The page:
Jaden Smith In GQ: “I’m Not Not As Revolutionary As Galileo”

Aside from their unofficial dalliance/association with Scientology, I can’t help but totally love the Pinkett-Smith family. Will Smith starred in my favorite dumb rom-com, “Hitch.” He seems madly in love  with his wife of nearly 18 years, Jada Pinkett Smith (or they at least very convincingly feign it). She seems pretty great too, between her super honest Facebook posts, her openness about the “grown” love she shares with Will, not to mention the fact that she completely embodied the woman I would like to grow up to be, aka Rome in “Magic Mike XXL.”

And then there are the Smith kids, Willow and Jaden, who seem to possess a wonderfully self-confident, if privileged, uniqueness. They’re weird and artsy and creative — remember their secret club, the Orgonite Society, where they made vibe cleansing paperweights? — and don’t seem to give a fuck what anyone thinks. But it’s not arrogance so much as calm acceptance that they were never destined to be fully understood in the first place.

Jaden, 17, is interviewed in the latest issue of GQ, and man, is it a gem to read from start to finish. Jaden is all over the place, from describing the sacred history of the dodecahedron to discussing his 10-year plan to, like, be a shapeshifter or something. I couldn’t pick just one quote to spotlight, so here are a few.

On sacred shapes: 

“Me and my sister started this initiative called Mystery School. It dates back to like ancient Egypt, ancient Greece—like Plato, Pythagoras, all these students had mystery schools. And what they learned in there was sacred. They would learn the math and sciences of that generation, and then they would build the cities and give that energy and that knowledge to the other people. And a lot of stuff they would keep really, really to themselves. Like, you couldn’t say the word dodecahedron, which is just a shape, outside of one of the mystery schools or they would, like, kill you or whatever. Because it was such a sacred shape.”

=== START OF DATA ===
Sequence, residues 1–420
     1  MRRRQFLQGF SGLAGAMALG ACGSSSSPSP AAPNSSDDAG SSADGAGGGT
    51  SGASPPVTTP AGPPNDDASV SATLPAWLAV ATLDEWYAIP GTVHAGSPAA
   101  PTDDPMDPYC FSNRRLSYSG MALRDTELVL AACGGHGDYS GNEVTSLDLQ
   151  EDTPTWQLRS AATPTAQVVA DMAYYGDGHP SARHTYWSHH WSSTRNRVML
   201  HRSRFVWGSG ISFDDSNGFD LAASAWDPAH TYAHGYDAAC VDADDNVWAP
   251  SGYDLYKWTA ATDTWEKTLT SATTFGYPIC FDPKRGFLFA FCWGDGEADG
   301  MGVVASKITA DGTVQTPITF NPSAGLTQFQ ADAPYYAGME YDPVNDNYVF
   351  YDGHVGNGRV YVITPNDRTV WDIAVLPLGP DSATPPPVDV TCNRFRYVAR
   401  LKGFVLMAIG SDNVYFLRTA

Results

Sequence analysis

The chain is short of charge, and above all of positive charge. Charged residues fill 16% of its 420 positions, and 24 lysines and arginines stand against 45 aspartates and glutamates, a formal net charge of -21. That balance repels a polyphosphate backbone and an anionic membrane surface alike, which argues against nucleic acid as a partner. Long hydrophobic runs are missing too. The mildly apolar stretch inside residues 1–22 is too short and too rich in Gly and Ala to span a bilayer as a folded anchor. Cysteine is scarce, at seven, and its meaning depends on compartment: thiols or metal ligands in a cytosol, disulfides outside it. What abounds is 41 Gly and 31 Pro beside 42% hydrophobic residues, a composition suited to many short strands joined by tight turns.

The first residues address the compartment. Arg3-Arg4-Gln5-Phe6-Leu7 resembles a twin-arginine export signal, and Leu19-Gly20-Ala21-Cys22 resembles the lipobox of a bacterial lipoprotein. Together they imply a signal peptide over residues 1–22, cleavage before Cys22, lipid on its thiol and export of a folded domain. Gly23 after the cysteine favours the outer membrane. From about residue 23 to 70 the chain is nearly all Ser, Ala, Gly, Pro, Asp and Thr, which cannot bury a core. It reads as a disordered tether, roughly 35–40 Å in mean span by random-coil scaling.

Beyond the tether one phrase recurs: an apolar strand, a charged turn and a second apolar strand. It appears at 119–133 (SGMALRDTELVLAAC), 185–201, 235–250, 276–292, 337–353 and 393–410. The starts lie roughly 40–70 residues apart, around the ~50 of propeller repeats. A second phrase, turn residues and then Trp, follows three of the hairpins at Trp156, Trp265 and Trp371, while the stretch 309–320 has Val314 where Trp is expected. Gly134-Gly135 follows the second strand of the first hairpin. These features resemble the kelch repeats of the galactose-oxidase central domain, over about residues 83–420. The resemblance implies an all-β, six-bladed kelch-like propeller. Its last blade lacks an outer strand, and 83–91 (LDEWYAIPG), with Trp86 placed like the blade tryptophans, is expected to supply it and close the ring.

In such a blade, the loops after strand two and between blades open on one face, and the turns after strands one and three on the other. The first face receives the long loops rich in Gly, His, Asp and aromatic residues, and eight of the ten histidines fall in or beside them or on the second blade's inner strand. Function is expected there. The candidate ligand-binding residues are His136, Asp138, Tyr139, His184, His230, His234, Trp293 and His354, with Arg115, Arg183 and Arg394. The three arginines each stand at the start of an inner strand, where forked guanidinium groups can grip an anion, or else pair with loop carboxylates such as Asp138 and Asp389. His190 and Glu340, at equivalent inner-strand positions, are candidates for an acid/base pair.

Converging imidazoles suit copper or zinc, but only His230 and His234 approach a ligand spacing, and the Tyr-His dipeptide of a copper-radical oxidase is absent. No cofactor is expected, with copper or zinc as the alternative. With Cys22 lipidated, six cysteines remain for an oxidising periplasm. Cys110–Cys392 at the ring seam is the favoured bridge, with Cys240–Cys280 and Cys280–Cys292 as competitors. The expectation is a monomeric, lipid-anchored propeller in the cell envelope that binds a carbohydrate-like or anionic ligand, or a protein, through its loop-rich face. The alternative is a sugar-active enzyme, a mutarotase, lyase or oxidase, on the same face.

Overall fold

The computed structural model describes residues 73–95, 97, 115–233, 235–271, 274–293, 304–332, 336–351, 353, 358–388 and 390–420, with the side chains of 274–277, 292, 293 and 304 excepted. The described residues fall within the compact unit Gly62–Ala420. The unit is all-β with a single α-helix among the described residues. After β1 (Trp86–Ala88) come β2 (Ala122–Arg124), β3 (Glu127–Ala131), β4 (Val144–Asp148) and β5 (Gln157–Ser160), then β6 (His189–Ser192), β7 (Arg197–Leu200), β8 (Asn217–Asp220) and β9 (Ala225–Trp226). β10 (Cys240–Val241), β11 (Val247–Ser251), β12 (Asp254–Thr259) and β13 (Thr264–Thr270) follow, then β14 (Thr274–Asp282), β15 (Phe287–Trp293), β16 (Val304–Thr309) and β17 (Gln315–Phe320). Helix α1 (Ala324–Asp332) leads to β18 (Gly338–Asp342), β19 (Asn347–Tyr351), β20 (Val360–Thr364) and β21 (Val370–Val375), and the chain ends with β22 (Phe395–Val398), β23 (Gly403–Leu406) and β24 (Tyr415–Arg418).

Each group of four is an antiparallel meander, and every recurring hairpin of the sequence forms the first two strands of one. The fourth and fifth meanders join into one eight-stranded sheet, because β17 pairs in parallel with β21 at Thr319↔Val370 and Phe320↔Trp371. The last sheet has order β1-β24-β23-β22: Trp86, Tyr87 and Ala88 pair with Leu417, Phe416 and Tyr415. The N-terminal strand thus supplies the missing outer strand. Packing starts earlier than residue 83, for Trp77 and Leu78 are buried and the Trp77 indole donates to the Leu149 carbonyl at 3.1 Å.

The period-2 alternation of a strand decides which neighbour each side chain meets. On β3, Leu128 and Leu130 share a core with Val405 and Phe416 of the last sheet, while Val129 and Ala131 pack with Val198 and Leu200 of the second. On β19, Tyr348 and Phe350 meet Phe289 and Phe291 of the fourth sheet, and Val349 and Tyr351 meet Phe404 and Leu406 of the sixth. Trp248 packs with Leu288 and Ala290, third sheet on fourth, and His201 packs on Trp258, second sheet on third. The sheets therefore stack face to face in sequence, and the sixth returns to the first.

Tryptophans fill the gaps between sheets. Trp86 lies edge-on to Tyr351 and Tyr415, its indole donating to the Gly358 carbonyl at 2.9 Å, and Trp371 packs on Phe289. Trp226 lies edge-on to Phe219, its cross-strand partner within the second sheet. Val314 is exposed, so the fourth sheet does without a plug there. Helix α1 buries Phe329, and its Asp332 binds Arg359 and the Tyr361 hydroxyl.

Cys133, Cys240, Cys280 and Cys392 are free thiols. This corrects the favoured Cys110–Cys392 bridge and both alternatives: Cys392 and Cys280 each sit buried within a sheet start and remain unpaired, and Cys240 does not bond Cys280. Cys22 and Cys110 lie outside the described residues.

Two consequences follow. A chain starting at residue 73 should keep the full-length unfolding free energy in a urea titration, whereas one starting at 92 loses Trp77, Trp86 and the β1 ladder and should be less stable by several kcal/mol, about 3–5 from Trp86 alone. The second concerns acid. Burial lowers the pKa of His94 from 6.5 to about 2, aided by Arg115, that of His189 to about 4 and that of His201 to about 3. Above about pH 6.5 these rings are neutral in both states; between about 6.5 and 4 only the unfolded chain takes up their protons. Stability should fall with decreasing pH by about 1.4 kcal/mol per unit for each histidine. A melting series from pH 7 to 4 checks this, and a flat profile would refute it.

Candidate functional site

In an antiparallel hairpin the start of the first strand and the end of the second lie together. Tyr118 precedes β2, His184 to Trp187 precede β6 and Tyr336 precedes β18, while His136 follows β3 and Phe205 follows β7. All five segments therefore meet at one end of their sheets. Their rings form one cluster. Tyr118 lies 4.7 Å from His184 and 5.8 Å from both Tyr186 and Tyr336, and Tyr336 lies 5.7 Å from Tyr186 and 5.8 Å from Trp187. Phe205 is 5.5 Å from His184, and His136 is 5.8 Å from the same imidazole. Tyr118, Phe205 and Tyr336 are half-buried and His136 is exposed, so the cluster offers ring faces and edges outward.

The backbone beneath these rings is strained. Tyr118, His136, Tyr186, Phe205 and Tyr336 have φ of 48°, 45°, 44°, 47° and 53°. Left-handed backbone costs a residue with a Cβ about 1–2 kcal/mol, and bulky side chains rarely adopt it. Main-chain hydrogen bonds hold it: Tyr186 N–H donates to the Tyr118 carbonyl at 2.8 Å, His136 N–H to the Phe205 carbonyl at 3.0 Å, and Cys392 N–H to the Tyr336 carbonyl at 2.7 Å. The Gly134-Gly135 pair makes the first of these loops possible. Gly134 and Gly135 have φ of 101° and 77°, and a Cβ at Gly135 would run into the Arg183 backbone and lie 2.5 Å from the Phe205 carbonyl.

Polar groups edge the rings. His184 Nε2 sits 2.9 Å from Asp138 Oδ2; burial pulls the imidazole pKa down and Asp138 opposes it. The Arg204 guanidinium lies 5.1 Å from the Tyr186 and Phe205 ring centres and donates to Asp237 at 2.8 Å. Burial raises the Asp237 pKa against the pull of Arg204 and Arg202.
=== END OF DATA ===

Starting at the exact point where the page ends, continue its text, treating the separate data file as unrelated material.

On being like Galileo:

“People think you’re crazy—I feel like it’s an honor, actually, for people to think I’m crazy. Because they thought Galileo was crazy, too, you know what I’m saying? I don’t think I’m as revolutionary as Galileo, but I don’t think I’m not as revolutionary as Galileo.”

On being “gone” in 10 years:

“No one will know where I am in ten years. They’ll see me pop up, but they’ll be like, ‘Where’d you come from?’ No one will know. No one will know where I’m at. No one will know who I’m with. No one will know what I’m doing. I’ve been planning that since I was like 13.”

To find out what Jaden plans on doing while he’s “gone” in between pop ups, and also why the pyramid he built in his parents’ backyard is missing its tip, check out the full interview over at GQ.com.